Riley Thomas has left her Massachusetts home and moved to Tucson, Arizona with no real purpose in mind other than broaden her horizons. She meets Ben and they begin a relationship, moving in with one another and seemingly being very happy. This is not to be though as Ben hits Riley and we first see her on a bus heading back to her childhood home.

As the story continues, it gets even more complicated for Riley and just as she is beginning to make some progress and admit that she made the right decision, an horrific accident affects her whole family.

I suppose the part I liked best about the book was that it was written not merely from Riley's point of view, but from the points of view of her friends and family - even down to several sections written from Ben's perspective which, initially made him seem quite sympathetic - his father had also been an abuser, but it's cleverly done as we sympathise with Ben's voice as he justifies his actions towards Riley - something which is never justifiable and an angle we wouldn't get to see if we only saw what Riley sees.

Riley herself is, at times a little frustrating, as she tries to get over Ben but nearly goes back to him on several occasions, but having never been in her position, who am I to judge how hard it must be to leave someone you love, even if they are violent towards you?

For a first novel, this is pretty good and, although by no means new material, it's written in an interesting way and I'd very much recommend it.
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29 of 31 people found the following review helpful By minormajor on 6 Aug. 2012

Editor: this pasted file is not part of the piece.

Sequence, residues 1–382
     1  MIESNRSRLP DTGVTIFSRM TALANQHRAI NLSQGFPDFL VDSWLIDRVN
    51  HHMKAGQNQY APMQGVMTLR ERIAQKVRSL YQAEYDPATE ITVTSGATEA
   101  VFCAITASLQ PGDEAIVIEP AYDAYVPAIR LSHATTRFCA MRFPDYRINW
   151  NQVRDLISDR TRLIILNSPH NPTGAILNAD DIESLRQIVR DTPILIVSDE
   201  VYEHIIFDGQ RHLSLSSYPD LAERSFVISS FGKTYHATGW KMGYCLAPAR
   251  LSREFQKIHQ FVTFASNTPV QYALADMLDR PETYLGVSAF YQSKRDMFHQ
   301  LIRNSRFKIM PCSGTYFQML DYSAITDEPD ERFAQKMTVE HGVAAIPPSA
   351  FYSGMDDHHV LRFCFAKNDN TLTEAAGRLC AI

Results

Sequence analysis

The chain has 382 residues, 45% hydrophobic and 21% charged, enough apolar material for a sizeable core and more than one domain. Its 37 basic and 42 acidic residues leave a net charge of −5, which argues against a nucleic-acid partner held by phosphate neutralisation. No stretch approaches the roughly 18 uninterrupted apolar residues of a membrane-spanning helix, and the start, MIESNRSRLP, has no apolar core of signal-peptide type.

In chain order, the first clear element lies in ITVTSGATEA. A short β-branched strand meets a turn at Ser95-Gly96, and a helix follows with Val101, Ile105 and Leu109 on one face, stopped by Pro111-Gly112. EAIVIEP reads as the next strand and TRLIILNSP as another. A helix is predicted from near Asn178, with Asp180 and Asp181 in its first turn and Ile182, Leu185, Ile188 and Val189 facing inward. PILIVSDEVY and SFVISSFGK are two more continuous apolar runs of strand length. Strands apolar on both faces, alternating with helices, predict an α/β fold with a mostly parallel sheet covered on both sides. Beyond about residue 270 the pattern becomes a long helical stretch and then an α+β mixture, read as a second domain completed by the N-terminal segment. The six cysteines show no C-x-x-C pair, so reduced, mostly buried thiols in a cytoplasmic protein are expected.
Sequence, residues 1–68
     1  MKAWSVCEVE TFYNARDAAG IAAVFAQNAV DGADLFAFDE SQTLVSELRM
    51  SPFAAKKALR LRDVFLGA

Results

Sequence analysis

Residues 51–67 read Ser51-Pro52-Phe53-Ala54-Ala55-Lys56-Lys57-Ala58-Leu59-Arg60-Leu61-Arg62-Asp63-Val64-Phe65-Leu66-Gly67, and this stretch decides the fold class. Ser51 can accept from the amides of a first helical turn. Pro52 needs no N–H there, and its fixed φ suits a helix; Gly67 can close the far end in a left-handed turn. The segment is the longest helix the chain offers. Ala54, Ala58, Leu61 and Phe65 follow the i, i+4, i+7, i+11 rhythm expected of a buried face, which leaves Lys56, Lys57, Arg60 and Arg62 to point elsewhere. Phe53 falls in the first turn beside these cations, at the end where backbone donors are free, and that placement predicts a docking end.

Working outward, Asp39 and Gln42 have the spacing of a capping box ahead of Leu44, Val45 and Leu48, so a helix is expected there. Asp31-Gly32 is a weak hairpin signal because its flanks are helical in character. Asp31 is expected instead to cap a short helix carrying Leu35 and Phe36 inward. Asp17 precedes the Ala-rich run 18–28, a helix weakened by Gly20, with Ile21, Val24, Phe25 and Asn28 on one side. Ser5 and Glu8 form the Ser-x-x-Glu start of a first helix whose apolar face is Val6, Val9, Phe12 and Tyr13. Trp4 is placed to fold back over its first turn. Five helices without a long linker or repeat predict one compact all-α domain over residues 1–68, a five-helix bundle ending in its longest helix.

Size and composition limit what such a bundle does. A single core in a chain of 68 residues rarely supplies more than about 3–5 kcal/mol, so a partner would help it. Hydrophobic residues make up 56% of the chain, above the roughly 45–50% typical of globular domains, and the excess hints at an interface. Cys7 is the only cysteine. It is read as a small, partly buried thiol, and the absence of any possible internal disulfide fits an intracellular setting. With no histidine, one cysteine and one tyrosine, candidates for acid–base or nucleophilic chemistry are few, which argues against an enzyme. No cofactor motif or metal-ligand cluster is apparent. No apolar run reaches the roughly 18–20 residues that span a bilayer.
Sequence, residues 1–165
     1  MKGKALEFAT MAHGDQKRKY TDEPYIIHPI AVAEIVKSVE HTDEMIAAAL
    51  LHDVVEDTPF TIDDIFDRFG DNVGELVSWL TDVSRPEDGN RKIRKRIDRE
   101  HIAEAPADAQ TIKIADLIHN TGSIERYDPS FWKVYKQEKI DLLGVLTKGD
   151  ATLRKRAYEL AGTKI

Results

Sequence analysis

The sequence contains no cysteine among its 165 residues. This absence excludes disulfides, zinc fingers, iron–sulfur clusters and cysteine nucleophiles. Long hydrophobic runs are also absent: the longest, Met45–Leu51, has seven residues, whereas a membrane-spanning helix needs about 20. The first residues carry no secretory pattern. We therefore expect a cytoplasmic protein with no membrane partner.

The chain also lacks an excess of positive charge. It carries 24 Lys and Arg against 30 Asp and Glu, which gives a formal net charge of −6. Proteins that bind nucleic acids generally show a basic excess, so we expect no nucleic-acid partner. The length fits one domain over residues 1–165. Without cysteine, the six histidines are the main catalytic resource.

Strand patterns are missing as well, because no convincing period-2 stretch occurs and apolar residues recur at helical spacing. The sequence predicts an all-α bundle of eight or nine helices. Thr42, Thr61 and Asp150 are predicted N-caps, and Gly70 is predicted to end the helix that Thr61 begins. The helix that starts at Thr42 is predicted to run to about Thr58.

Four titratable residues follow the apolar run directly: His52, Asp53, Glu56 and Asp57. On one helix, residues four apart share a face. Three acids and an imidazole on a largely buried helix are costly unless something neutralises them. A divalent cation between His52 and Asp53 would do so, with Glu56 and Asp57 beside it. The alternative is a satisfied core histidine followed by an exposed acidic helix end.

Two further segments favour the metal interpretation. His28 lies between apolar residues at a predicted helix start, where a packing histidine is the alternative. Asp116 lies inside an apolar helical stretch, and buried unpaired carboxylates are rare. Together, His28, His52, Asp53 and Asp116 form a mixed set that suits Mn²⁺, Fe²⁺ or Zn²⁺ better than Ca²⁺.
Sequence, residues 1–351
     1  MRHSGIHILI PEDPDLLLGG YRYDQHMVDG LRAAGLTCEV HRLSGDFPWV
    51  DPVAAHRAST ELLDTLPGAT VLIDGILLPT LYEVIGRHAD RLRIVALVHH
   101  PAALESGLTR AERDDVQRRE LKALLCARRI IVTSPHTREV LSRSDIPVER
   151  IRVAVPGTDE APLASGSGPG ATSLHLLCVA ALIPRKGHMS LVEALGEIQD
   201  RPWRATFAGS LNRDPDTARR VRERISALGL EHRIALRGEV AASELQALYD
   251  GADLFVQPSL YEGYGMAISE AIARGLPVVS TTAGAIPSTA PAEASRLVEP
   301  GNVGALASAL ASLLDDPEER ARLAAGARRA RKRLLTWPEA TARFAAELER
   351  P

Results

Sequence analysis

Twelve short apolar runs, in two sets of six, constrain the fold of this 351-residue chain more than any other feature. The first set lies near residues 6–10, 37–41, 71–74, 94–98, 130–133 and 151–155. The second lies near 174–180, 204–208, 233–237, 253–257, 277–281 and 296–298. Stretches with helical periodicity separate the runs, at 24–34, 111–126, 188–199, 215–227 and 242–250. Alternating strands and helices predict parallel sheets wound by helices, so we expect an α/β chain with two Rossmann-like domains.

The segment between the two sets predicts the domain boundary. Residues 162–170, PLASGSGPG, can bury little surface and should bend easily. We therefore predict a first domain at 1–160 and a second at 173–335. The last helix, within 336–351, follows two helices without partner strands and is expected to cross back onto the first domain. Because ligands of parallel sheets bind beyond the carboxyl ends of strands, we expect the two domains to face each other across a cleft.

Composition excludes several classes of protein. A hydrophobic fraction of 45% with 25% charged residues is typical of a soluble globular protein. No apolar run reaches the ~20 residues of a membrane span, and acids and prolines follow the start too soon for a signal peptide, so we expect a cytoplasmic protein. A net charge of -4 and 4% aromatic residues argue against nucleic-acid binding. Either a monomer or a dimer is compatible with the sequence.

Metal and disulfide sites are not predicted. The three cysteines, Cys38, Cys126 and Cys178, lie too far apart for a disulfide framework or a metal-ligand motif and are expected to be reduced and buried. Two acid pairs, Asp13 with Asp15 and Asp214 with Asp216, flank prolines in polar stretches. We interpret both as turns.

Format: Kindle Edition
Reading the first chapter immediately put me in mind of the likes of Margaret Atwood and Alice Sebold. This is literary fiction with real emotional strength. Moments of seemingly quiet devastation rise up to suddenly punch you in the gut - the scene where Riley's father thinks she has something on her face which turns out to be a freckle says more about a strained relationship in a couple of lines than I've seen entire novels take five chapters to do. Yet, in spite of the immediate tragedy in the novel's opening chapter, Katie O'Rourke manages to inject subtle moments of humour that give her protagonist both credibility and above all, humanity.
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4 of 4 people found the following review helpful By Jennifer Joyce on 6 Oct. 2012
Format: Kindle Edition
The first part of Monsoon Season is told from Riley and Ben's perspective but then continues the story from the viewpoints of those around them too. I found it interesting to see how an abusive relationship affects the friends and family of the couple, especially Ben's mother, Teresa. I would have liked to have seen more of Teresa as she had been in Riley's position herself. How would Ben turning out like his father affect their relationship in the long run?

I liked how Monsoon Season began with Riley leaving Ben, dealing with the aftermath of an abused partner deciding enough is enough. For Riley, leaving was hard but staying away is proving to be just as difficult as feelings can't be switched off overnight.

The style of writing was very easy going, despite the subject matter, and the pages slipped by without me noticing so I was very surprised when, after just two days, I was already 75% of the way through and I finished it the following day. I found Monsoon Season to be an interesting and thought-provoking read, showing an abusive relationship from all angles and the effect it can have.